Education – A Severely Flawed System

For years I have wrestled with coming up with answers to why our Education system in California is so flawed and what to do about it. By no means do I believe I have arrived at the perfect answer, but I have arrived at some conclusions. Our Education system in California is severely flawed and a broken system. When I talk about our Education system I am referring to all of education from young to old, but my comments here will be limited to that of our youth, namely K-12.

Many of you know that my wife is a teacher and has been for over 5 years full time. This gives me a unique view into the profession that I believe many do not have. I am disgusted by how most people think and talk about our education system here, especially those in the public eye – even the conservative talk show hosts (you know who you are). The flaws in our system are total in that they do appear in every category, but the worst is in the administration and government.

I thought for a long time that we could fix our system. My brow strained in the attempts to piece a coherent solution to our problems. The palpitations of my heart could be heard by my neighbors as my body strained to give my brain enough power to think through this mire of system. At last I think I have arrived at a conclusion: they system itself cannot be fixed nor should it be attempted. Therefore, I now have placed my energy into a new system, which I am sure is not perfect, but I believe solves many of the glaring problems in our current system.

We need a system of education that will simply education our children. This means that they develop critical thinking skills and the ability to maintain and better our society through the development of core skills like Reading, Writing, and Arithmetic. In this system there definitely is a place for the arts, for history, for philosophy and creativity. Children need to be treated as both a group and as individuals. I believe that most of our teachers are up to the task, but those in power are not.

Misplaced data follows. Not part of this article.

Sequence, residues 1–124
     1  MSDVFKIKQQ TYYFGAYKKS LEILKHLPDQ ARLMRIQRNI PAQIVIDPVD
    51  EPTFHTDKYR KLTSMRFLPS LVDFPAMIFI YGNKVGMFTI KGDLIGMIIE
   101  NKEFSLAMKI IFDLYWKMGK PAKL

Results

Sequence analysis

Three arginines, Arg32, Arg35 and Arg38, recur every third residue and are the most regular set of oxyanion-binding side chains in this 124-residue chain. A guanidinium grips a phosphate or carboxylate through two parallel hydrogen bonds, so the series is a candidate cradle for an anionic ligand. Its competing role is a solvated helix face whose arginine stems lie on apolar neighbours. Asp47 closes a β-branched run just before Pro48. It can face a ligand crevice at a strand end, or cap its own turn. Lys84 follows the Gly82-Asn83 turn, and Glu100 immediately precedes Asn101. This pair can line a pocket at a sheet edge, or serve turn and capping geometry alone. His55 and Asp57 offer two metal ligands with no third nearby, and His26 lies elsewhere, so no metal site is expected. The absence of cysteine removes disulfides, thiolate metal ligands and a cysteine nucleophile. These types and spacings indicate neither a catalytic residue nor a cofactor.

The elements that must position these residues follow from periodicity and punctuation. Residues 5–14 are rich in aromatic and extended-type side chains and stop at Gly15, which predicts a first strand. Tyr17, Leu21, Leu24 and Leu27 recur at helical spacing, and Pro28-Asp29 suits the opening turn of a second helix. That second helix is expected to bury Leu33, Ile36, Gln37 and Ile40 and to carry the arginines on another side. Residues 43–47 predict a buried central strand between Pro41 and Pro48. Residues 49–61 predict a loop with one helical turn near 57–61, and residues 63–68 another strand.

Money corrupts even good people, and boy do the schools have money, well namely the teachers Unions. Now I understand the need for Unions, but I believe their place on our society has strayed far from what their original intent was, and what their starting purpose became. Do I think we shouldn’t have Unions? I do not honestly know, but at least they should be destroyed and rebuilt, for the current embodiment of them is corrupt at best.

This system of my thinking must better serve the public and at the same time know the proper place of the free market and use of private institutional systems. By this I mean that we must get back to the just of what being a Public Servant really means. If we believe that it is the job of the Government to make sure its citizens is educated, then to be in that system as an educator makes you a public servant, and to be a public servant (opposed to our current social way of thinking about it) doesn’t mean one receives top pay, golden benefits, and luxuries retirement beyond what the majority of the private sector has (who by the way pays for all those things). Let us not forget that the Public Sector actually makes no wealth, it is a wealth consumer.